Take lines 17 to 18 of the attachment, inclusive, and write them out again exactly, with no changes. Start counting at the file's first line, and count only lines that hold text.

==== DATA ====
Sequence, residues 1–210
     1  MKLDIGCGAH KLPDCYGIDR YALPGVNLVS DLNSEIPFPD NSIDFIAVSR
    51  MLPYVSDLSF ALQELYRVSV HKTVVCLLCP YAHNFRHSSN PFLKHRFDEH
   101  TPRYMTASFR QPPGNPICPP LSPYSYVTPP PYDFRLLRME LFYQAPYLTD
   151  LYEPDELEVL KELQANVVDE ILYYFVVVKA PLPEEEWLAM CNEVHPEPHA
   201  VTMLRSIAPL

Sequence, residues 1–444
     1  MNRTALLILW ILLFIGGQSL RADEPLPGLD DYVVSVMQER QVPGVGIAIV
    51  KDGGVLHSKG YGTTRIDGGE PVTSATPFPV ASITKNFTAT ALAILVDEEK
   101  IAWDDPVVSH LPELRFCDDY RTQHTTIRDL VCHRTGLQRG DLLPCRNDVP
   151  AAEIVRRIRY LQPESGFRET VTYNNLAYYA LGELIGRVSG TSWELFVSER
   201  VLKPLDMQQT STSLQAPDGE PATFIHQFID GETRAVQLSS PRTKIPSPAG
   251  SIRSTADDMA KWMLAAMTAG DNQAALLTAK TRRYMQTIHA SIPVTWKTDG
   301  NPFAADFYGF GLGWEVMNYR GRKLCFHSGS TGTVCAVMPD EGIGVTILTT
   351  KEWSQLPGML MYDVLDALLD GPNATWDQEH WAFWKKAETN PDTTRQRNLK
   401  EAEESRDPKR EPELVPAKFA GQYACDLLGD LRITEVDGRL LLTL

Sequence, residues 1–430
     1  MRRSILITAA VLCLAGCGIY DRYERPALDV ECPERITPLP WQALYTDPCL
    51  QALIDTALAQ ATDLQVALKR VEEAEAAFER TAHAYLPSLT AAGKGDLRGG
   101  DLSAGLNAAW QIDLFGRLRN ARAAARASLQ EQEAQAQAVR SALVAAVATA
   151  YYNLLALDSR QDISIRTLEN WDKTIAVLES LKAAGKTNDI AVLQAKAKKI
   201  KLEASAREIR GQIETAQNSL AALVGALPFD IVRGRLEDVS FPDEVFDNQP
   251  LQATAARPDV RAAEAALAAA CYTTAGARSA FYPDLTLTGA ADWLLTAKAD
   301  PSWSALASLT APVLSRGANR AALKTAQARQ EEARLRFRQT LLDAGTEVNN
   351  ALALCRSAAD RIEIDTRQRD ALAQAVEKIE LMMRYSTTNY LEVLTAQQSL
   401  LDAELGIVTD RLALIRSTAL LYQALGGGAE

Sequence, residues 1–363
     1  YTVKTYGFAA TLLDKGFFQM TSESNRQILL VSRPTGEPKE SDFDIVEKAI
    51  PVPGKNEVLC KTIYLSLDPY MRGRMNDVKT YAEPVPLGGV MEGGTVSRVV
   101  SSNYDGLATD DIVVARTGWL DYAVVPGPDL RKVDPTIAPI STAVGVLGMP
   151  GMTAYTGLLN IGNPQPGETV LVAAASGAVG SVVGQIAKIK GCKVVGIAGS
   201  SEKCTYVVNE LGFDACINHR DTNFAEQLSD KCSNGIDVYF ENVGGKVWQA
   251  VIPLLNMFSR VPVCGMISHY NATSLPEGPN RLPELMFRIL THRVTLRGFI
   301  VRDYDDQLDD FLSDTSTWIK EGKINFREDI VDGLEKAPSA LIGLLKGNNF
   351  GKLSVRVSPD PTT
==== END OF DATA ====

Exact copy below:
Sequence, residues 1–430
     1  MRRSILITAA VLCLAGCGIY DRYERPALDV ECPERITPLP WQALYTDPCL